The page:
Amazing people VI.: Beton Botanika

It’s time for me to tell you that I love fairs! I always have that homey feeling and I’m curious what creative things I’ll discover that day. This is how I found Beton Botanika, that unifies my love and collecting passion for succulents and an awesome idea.

Lady Fraise (LF): How did you come up with the idea to use concrete for pots and jewelry?
Beton Botanika (BB): The idea came to me in 2015 when we were renovating our house and I started to deal with concrete as a material. I was looking through many foreign home desing magazines and concrete was starting to become more popular for indoor coating and as decoration. I was amazed by how simple, pure and unique this material was. Since I had all the ingredients at home to make concrete, I started experimenting with it in my free time. I started from classic concrete, that is used to make pavements, but I figured out quickley that it can not be used for smaller objects. So a long experimentation started to find the perfect consistance. At the beginning, I only made pots and after that I started making jewelry as well, mainly things that suited my style. I found out soon, that you need an other consistance for them, so a new experimentation phase started.

Beton Botanika

LF: What is concrete like? Is it hard to work with?
BB: Concrete consists of 3 ingredients: cement, water and gravel. With the adequate proportion of these you can create this steady material. For pots and jewelry you need a very smooth mixture, and you can only achieve this by decreasing the size of gravel grains. Many people ask me: isn’t concrete too heavy to wear? But it’s wearable indeed, I always tell them to try my necklaces on to see how slight they are. This misbelief about concrete being heavy comes from its original use for building houses, while we usually measure gold in gramms.
Concrete is nor a feminine material to work with. The stock itself is very heavy and you need some strength for shuffling and transporting as well. There are not so likeable works, like grinding, but the consequence pays off all the trouble. I do think that despite of the weigth and rigidness of concrete, I can make very feminine objects from it.

LF: How is a pot made? What are the technical facilities you need?
BB: First you have to mix the dry ingredients of concrete than add the right amount of water. The quantity of water is the key, because if the mixture becomes too dry, you can not work with it, and if it’s too fluent, the concrete will become too weak. Then I put this mixture into silicone or plastic mould. The procession ends with alienating the waterbubbles with shuffling techniq. A couple of days later the concrete solidifies and I can remove them from the moulds. The whole hardening process takes weeks. Hot weather and quick drying can make concrete useless, so it is important to keep it wet for a while. I make many kinds of pots: traditional grey and white cement, I can add some oxide staining to it or later decorate it with acrylic painting. I try to make a wide variety of products. Concrete goes great with geometrical forms and it enchances how pure it is, or by using acrylic staining I can make marble-like staining or basically anything else.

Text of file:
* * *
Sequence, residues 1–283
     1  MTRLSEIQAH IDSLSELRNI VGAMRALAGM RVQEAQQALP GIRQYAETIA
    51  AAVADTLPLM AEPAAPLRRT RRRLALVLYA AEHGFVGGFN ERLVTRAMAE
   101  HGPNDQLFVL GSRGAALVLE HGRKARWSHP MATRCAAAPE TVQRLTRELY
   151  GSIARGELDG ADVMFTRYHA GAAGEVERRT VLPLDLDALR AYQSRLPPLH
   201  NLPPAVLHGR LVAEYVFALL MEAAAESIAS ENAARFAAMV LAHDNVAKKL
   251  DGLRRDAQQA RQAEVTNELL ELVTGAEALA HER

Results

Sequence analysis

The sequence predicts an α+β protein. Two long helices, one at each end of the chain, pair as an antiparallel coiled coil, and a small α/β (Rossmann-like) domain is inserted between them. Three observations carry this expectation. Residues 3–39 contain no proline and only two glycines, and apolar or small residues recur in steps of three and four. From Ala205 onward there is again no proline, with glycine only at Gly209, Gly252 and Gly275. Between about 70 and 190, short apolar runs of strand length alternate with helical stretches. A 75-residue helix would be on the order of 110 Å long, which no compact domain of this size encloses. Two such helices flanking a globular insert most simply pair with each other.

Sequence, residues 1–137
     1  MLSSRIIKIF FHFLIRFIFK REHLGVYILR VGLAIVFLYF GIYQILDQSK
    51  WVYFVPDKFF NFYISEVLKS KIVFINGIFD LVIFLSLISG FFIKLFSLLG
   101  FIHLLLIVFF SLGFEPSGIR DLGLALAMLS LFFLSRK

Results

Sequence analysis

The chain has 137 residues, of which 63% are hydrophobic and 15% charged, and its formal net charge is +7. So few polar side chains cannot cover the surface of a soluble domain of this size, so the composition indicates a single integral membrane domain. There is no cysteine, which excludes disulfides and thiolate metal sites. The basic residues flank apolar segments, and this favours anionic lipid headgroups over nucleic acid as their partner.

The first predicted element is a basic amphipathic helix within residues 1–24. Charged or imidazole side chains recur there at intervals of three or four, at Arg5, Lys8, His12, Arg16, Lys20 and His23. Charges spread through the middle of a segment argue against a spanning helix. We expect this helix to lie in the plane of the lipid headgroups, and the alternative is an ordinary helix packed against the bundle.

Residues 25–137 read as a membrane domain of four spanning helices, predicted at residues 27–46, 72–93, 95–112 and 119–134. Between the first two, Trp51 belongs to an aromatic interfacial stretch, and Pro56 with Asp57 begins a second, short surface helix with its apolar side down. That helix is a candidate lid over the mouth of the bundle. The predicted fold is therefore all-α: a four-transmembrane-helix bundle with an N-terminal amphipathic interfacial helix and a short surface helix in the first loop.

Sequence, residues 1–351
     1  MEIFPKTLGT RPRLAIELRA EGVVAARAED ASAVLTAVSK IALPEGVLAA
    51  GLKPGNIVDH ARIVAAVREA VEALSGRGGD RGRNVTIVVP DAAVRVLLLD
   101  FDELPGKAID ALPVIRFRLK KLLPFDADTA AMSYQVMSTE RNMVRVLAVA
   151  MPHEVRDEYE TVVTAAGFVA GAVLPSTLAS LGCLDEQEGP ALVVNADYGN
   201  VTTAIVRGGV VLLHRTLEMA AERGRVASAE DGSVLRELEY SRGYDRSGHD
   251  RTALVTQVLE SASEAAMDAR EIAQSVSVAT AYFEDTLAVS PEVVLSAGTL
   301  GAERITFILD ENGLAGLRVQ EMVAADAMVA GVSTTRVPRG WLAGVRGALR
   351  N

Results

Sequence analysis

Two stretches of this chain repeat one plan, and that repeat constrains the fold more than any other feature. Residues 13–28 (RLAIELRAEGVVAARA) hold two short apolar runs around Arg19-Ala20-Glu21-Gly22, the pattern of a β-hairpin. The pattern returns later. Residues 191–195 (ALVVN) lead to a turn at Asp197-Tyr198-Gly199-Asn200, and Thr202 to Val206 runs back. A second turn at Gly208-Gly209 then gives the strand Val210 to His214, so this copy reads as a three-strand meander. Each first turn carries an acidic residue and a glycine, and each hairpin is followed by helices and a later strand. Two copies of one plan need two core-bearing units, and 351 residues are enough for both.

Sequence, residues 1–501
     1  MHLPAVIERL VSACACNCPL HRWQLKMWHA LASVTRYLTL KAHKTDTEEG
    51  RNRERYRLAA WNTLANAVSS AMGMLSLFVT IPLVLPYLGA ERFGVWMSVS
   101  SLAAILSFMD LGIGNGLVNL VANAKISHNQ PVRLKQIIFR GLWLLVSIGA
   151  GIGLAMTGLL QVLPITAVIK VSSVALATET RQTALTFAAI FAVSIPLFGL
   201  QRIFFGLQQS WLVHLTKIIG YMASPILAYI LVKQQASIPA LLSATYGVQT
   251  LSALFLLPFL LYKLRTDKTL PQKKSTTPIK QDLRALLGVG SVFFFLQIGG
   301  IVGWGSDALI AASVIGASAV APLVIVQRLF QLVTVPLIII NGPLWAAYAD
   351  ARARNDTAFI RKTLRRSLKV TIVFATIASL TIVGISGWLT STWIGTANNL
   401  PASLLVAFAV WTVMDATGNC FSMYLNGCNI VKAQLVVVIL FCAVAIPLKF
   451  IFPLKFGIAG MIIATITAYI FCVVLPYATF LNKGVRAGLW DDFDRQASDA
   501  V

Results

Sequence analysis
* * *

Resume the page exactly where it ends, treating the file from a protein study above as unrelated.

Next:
LF: What inspires you while working?
BB: I think it is important to always have something new. A new shape, new colours or a new pattern. The black, white, gold, silver an animal patterned pots are very popular so I try to intergrate with seasonal and holiday themes into these as well. The creating process is so interesting, because you can only see the definitive colours after it is fully-dried.

 

LF: Where can people find you creations?
BB: Beton Botanika is a novice enterprise, so people can not find them in stores. I always take my creations to Bödön Piac in Szeged, which takes place on every second Sunday of the month in Szeged Pláza. I have a Facebook and an Instagram accounts, so I can take online orders that I take to my customers or post them. I’ll try to show up on other fairs in this region or maybe in Budapest too.

 

LF: What are your plans for the future?
BB: I’ll try to pass my creations on to more people, so they would know that concrete can not only be used for achitecture but for decoration to an office, a living room or children’s room. The forms and patterns are varied, anyone can find something they like. I also think that because we can not spend that much time in the environment, we could at least try to surround ourselves with plants. On one hand, they are very pretty to look at and on the other hand, they can make us think. These succulents may need less caring than other indoor plants because they store water in their fleshy leaves. With the animal patterned pots we can show our children how to live in harmony with nature inside our apartment. Jewelry like clothing is a form of self-expression, many people like to play with accesories. If somebody wants a simple but unique jewelry, it takes a lot of time to find the right one. Concrete as jewelry material has a lot of possibilities itself, but I couldn’t create half the things I planned yet. You can always play with forms, material and colours. The purpose is not to think only of greyness associated with, but to be brave enough to wear astounding things.

For more information click to:

Beton Botanika (Facebook)
Beton Botanika (Instagram)

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